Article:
Fed's Bostic trims his rate outlook for 2019 to a single hike
The U.S. central bank should only raise interest rates once this year but keep going with its plan to gradually shrink the balance sheet, said Raphael Bostic, president of the Federal Reserve Bank of Atlanta and one of the Fed’s more dovish policy makers.
“Coming into this year, a year ago, I saw two moves for 2019. Right now, I’m at one move for 2019,” Bostic told the Rotary Club of Atlanta on Monday, stressing the U.S. economy could do better, or worse, than forecast. “If it’s an upside surprise, my prediction would be to go from one rate move to two, if it’s the downside it would go from one to zero,” he said.
Bostic is not a voter this year on the rate-setting Federal Open Market Committee. He has sounded relatively dovish on policy, arguing late last year the Fed should proceed with caution in raising rates to avoid inverting the yield curve.
Fed Chairman Jerome Powell on Friday opened the possibility of putting rate hikes on hold for a time as officials weigh the impact on the U.S. economy of weaker growth abroad and stock-market losses that have tightened financial conditions.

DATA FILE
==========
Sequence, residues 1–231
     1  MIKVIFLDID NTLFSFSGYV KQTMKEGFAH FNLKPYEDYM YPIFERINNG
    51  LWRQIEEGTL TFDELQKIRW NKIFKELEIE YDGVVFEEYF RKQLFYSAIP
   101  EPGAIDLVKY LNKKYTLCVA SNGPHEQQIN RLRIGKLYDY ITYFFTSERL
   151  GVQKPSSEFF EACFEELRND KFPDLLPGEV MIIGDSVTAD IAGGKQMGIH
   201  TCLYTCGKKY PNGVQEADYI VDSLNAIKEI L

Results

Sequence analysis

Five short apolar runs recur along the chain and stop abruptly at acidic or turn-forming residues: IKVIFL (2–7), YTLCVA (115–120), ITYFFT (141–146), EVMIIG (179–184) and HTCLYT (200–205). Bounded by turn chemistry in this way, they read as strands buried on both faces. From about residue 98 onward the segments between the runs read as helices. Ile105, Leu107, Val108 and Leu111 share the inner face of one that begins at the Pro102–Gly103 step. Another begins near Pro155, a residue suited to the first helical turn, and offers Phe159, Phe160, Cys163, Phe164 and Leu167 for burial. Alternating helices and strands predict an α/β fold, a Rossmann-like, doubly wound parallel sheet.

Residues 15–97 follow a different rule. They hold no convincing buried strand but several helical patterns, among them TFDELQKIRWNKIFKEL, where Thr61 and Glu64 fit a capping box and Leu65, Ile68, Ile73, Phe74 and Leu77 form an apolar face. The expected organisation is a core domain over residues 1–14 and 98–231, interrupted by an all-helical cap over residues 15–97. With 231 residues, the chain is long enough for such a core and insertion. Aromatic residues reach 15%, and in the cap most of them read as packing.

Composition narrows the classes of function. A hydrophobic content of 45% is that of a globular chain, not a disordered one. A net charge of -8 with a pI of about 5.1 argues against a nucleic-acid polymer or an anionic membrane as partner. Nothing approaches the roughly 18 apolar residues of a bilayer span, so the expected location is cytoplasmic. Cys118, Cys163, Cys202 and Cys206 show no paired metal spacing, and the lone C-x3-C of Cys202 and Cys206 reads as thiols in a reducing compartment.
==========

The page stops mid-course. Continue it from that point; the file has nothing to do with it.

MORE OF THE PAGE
The Fed hiked rates four times last year and projections from its Dec. 19 meeting show officials expect two more hikes in 2019. It has faced pressure to pause rate hikes, including from President Donald Trump, whom Bloomberg News reported Dec. 21 had discussed firing Powell, but the U.S. labor market remains strong. Data released earlier on Friday showed U.S. employers added the most workers in 10 months as wage gains accelerated.
Bostic said the U.S. economy was in a “pretty good” position with risks both that it would perform better than expected as well as come in slower than forecast.
“If the trade deal with China happens, that removes a lot of uncertainty. I would expect businesses are going to invest more robustly,” Bostic said. “We could have a hard Brexit. That would be a downside surprise," he added, referring to a potential U.K. exit from the European Union with no deal on the terms of withdrawal. “It’s appropriate to be open to see what happens and be ready to respond.”
He also argued the Fed should stick with its policy of gradually shrinking its $4.1 trillion balance sheet because the central bank had promised the asset purchases that bloated it during the financial crisis would only be temporary.
“We need to honor that notion and make the temporary, truly temporary. And that’s kind of what the unwinding is,” he said. “This unwinding of the balance sheet is happening exactly the way we should do it.”